The actual fall in the price of land, particularly in Virginia, may be attributed to several causes. 1. to the uncertainty & low prices of the crops. 2. to the quantity of land thrown into the market by debtors, and the defect of buyers, both owing to the general condition of the people, not difficult but unnecessary to be explained. But the 3d. and main cause is the low price at which fertile lands on the western market are attainable, tempting the owners here to sell out and convert the proceeds or as much of them as they can spare, into cheap & richer lands there.

Nothing would be farther from my wishes than to withold, at proper prices, a fair supply of the National domain to Emigrants whether of choice or of necessity: But can it be doubted that in proportion as that supply should be reduced in quantity or raised in price, emigration would be checked, and the price of land here augmented. Put the case that the dividing mountains were to become an impassable barrier to further emigration, is it not obvious that the price of land on this side, except so far as other temporary causes might be a check, would spring up the moment the fact was known? Or, take another case, that the population on the other side, instead of being there, had remained and been added to the number on this. Can it be believed that the price of land on this would be as low it is? Suppose finally a general reflux of the Western population into the Old States, the like effect on the price of land in the Old, can be still less doubted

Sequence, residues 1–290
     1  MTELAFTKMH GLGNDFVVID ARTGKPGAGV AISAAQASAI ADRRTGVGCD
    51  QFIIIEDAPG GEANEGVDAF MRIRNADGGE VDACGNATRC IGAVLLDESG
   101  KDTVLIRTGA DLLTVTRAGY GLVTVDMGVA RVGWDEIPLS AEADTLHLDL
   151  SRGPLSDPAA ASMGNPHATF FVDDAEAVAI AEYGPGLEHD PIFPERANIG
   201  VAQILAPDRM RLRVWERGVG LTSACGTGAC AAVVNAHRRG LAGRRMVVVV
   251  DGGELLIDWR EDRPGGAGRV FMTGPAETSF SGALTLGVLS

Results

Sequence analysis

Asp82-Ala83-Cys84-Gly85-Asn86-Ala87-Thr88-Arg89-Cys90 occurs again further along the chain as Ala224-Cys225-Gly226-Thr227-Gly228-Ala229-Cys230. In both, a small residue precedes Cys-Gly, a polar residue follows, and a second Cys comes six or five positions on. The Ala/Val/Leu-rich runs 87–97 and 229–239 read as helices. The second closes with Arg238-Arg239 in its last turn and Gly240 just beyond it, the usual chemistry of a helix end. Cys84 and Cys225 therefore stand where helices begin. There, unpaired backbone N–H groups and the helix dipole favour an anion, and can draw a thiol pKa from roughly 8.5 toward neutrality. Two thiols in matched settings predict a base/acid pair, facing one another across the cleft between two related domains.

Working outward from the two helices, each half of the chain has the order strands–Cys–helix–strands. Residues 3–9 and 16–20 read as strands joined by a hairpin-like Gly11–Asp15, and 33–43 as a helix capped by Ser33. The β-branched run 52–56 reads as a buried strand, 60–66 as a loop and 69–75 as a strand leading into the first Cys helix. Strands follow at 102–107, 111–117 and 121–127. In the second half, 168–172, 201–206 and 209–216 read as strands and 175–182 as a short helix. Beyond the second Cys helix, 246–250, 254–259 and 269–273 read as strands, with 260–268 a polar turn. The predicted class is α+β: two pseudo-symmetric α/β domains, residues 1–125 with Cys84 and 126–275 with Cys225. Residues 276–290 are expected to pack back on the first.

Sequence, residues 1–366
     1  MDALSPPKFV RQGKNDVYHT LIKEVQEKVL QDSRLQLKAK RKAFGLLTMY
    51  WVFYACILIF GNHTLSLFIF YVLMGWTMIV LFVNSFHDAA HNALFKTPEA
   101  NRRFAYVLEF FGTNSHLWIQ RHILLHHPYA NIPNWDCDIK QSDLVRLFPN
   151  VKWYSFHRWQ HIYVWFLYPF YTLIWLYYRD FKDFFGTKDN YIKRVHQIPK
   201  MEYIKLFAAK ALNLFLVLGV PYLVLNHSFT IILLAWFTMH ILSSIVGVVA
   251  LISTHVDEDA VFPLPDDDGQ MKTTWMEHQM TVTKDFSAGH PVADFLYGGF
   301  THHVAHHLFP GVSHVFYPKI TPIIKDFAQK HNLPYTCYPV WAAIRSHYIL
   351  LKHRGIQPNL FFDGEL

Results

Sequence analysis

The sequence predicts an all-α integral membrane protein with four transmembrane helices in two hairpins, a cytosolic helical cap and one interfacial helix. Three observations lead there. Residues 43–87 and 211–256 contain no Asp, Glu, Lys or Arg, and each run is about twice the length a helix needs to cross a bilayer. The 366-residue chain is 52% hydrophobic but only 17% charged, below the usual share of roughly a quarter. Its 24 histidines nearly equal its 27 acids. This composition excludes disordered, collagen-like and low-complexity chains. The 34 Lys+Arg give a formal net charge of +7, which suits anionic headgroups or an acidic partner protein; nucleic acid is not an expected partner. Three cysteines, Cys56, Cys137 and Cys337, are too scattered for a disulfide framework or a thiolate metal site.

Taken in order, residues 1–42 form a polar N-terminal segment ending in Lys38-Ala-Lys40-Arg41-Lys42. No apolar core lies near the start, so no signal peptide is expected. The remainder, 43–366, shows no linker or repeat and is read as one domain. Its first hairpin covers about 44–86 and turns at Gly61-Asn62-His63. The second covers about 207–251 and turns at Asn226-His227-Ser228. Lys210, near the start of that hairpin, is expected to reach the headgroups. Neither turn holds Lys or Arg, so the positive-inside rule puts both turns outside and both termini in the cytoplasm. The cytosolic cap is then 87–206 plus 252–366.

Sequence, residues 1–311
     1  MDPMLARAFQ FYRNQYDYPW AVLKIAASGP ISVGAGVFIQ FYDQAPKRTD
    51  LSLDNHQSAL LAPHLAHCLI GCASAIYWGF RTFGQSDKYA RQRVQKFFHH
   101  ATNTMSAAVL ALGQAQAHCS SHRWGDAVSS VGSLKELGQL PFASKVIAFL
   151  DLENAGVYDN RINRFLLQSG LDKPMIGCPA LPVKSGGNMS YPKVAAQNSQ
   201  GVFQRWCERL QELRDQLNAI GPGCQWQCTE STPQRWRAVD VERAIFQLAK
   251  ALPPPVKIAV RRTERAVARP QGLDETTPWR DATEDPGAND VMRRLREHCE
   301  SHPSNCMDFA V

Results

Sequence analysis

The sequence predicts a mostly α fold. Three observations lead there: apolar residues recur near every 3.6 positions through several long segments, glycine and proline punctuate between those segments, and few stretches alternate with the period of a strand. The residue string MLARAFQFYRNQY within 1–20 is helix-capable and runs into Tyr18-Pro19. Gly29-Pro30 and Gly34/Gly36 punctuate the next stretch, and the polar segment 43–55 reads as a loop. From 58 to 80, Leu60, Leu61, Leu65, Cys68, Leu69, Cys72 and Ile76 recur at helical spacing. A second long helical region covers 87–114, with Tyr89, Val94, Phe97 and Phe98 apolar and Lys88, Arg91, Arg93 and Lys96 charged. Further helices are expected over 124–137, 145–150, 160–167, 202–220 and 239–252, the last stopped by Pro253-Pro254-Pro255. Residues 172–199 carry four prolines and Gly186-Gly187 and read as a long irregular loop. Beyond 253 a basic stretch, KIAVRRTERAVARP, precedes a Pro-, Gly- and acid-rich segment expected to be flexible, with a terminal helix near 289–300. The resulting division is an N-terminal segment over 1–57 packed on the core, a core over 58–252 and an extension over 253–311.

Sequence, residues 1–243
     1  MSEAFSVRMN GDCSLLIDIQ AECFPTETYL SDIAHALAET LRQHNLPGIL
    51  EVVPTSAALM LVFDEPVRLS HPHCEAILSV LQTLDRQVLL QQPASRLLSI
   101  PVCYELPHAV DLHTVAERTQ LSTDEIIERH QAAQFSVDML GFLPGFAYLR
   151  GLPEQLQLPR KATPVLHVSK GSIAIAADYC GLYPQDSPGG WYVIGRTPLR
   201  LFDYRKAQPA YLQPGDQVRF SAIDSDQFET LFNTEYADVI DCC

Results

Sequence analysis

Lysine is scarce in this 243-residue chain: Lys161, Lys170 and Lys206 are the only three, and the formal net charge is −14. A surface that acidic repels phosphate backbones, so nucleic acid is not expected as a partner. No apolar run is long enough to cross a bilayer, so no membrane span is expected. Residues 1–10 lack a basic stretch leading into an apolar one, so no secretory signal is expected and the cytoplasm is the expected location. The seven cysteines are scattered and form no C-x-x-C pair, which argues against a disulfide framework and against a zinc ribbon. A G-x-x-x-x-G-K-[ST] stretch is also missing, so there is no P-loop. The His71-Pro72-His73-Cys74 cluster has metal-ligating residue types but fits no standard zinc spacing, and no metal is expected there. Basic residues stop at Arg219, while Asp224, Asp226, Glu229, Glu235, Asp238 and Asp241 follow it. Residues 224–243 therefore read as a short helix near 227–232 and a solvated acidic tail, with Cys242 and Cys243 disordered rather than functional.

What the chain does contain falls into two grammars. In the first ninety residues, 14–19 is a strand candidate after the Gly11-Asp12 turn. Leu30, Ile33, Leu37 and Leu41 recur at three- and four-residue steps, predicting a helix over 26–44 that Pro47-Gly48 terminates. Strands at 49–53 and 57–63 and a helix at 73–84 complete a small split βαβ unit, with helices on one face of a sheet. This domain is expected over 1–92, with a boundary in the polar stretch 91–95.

That the redundancy of cheap land is unfavourable to manufactures, in a degree even beyond the comparative profitableness of the labour bestowed, is shewn by experience and is easily explained. The pride of ownership, where this exists or is expected, the air of greater freedom, the less of constancy and identity of application, are known to seduce to rural life, the drudges in workshops. What would be the condition of Birmingham or Manchester were forty or fifty millions of fertile acres, placed at easy distances, and offered at the price of our western lands? What a transfer of Capital and difficulty of retaining or procuring operatives would ensue? And altho the additions to the products of the earth by cheapening the necessaries of life might seem to favor manufactures, the advantage would be vastly overbalanced, by the increased price of labour produced by the new demand for it, and by the superior attractiveness of the agricultural demand.